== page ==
Handhelds Are On The Way; Here Is What They Mean To You As A Driver

Vending is the last route-based industry to utilize handhelds. As with other industries that have embraced this technology, handhelds will make drivers more productive.

Your company has decided to embrace handheld computers. This might be a little intimidating if you're not familiar with how they work. But as a route driver, you stand to gain as much as anyone.

Excluding vending, every other route-based industry has used "handhelds" for over 20 years. Companies like Anheuser-Bush, Miller Brewing, Hostess, Frito-Lay, UPS and Federal Express were the early adopters of handheld technology.

Management's decision to employ handhelds probably began with hearing of their fellow operators' positive handheld experiences. The NAMA trade shows overflow with seminars on vending technology, plus the "vending experts" and trade magazines have endorsed handhelds for nearly a decade.

The expectations of handhelds are that they improve warehouse and route efficiency with barcode scanning and information accuracy. The benefits harvested from improved machine service and product merchandising also encourages their deployment. Handhelds are being recognized by your customers as a sign of professionalism, which they perceive improves the management of their satisfaction.

You may have begun to hear about "DEX," the Direct EXchange of machine information with a handheld. DEX contains two important sets of information. First, it contains how many dollar bills are in the bill acceptor, coins in the collection box and exact coin tube activity. Second, it contains the number of vends for each column (selection).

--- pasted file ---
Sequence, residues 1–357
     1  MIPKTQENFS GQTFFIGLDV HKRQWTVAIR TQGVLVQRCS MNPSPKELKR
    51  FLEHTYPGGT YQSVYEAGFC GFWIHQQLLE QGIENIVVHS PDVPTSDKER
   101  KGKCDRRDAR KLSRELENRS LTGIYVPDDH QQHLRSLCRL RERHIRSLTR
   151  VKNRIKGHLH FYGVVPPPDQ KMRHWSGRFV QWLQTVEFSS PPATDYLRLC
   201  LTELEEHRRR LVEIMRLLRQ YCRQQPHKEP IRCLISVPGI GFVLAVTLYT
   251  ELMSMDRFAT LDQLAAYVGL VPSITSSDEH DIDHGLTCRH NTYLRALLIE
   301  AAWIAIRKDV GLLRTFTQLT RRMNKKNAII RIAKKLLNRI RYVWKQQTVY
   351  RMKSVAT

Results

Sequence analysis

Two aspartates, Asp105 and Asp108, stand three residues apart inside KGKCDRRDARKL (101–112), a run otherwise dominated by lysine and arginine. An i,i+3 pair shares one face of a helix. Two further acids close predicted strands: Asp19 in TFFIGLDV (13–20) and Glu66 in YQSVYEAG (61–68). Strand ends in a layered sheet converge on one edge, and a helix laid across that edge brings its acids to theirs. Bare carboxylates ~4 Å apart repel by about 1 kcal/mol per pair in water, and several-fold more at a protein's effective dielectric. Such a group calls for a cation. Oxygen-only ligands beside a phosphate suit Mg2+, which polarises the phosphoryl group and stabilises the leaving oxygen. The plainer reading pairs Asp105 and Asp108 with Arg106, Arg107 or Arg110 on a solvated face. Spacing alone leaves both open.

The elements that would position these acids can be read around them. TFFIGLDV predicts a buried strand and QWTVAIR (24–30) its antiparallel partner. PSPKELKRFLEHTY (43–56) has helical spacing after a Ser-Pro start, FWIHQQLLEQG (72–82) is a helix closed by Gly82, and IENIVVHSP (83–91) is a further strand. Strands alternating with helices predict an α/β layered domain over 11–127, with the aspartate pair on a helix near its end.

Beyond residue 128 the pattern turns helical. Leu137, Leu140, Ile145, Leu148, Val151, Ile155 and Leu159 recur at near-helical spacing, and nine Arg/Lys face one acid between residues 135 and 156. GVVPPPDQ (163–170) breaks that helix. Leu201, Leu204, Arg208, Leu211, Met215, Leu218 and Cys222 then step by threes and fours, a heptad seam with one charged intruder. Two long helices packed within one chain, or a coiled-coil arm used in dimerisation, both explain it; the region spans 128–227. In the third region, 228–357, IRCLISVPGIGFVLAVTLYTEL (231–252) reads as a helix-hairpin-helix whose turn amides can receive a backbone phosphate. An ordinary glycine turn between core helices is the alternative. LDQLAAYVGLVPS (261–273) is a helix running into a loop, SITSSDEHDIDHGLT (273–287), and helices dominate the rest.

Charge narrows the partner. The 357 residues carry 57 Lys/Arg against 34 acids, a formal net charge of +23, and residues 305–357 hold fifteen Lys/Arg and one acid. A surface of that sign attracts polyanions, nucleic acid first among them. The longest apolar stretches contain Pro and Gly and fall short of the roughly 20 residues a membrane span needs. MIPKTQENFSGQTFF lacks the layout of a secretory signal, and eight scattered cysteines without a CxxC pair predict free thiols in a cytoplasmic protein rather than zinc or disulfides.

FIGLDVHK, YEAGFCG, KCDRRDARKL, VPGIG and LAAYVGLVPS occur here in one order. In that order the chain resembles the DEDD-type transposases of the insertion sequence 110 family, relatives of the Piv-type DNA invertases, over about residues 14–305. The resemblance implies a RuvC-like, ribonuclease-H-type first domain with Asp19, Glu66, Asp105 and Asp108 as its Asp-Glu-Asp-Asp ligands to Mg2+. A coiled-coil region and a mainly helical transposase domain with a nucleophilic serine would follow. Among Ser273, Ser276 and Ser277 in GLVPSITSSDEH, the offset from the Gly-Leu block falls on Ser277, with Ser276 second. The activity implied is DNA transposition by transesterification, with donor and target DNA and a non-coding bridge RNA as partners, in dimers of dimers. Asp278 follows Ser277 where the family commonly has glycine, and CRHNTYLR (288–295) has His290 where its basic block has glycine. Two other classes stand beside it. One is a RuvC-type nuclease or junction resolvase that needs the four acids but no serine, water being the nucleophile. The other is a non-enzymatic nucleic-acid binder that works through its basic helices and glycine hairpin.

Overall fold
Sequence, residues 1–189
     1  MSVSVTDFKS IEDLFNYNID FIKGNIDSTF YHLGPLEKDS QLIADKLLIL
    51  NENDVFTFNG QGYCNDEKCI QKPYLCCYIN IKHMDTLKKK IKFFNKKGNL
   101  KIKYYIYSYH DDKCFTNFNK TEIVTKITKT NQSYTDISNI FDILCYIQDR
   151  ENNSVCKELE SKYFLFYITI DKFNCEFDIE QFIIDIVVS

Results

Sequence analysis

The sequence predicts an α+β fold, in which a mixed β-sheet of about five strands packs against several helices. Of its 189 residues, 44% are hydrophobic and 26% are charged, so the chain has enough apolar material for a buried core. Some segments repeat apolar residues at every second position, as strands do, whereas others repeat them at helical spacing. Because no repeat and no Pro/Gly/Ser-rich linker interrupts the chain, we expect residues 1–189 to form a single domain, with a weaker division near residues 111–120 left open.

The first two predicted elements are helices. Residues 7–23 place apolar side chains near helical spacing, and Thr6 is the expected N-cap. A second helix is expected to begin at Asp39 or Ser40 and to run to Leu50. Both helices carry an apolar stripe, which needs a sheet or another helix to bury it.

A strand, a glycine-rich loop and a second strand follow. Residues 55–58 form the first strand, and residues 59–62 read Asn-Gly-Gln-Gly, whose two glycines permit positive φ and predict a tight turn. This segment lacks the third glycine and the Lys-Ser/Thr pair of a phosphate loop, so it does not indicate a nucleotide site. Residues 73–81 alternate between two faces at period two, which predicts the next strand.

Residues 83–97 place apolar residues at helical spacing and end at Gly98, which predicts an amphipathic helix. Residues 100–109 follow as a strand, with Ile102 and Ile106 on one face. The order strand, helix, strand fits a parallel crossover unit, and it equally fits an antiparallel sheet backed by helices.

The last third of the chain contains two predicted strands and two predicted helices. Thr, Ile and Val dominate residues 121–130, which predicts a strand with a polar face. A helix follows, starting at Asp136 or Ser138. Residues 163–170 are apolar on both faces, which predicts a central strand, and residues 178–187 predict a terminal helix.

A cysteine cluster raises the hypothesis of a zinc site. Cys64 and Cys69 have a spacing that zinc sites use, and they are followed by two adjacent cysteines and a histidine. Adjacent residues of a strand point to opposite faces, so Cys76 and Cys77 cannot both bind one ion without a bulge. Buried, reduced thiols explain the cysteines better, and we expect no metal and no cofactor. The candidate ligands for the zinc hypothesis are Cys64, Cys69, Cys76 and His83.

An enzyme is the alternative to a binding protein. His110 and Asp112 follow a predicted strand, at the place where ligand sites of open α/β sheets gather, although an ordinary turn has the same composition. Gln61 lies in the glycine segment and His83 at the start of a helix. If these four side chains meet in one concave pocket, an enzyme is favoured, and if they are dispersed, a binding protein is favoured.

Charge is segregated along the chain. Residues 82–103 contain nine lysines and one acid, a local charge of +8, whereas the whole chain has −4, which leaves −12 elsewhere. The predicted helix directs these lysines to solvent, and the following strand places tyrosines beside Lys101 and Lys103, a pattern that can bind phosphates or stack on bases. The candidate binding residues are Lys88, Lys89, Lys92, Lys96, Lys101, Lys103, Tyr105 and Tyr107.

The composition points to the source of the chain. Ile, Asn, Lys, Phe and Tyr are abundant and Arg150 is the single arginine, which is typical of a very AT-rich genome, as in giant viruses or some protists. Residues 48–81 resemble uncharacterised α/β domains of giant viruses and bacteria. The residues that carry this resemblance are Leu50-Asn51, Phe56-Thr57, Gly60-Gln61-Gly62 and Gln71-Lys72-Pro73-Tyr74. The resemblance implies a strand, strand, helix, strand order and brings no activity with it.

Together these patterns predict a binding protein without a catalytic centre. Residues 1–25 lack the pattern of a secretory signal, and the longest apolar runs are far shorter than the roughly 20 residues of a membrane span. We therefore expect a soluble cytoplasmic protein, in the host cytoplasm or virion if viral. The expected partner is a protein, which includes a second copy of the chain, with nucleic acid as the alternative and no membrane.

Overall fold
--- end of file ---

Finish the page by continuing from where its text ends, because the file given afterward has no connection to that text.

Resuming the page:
From the cash information comes "tamper proof cash reconciliation," while the column vends allow the handheld to instantly tell you the quantity of each product necessary to restock the machine.

DEX information is typically transferred to the handheld with a cable that connects the machine to the handheld. The information transfer process takes about 15 seconds, which is faster than manually preparing a machine's product refill list.

Of course, the accuracy of the data improves, and problems with illegibly completed route tickets and service logs are altogether eliminated. You will be able to service more machines in the same amount of time, thereby increasing route capacity.

Sophisticated product forecasting can predict what products are needed in which machines and when that need will occur! All of these benefits are propelling vending operators to provide these powerful tools to their route personnel.

You are probably wondering, what's in it for me? First, you'll be spending less time manually recording data and more time servicing machines, therefore increasing the service capacity of your route.

If a portion of your paycheck comes from commission on sales, you just gave yourself a raise! Mastering the handheld makes you a more valuable employee and will further your career as a professional route person.

How will handhelds be installed on your route, and what can you do to make the transition as painless as possible?

Handhelds are typically implemented in three phases:

  1. Handheld as a replacement of the "paper ticket," with barcoded cash bags.
  2. Handheld and bar code scanners for tracking line item detail by machine.
  3. Handheld for DEX data collection.

Each phase brings additional route efficiency benefits.

1) The electronic route ticket

The first phase ? what is commonly referred to as an electronic route ticket ? is simply replacing a paper route ticket with a handheld.

The basis of all vending management systems begins with tracking product usage and cash collection reconciliation information. Without the aid of a handheld, the only way to capture that information is for each route driver to manually record product fills, pulls and inventory on either a pre-printed route ticket or a service log stored inside the machine.

This data must be manually entered into a "back office" vending management system. The process is time-consuming and error prone for both the route driver and the office employee entering the information.

By replacing the route ticket or service log with a handheld, the information is available for transfer as soon you complete your day. Information gets processed more accurately, so the office staff no longer complains about not being able to read your handwriting.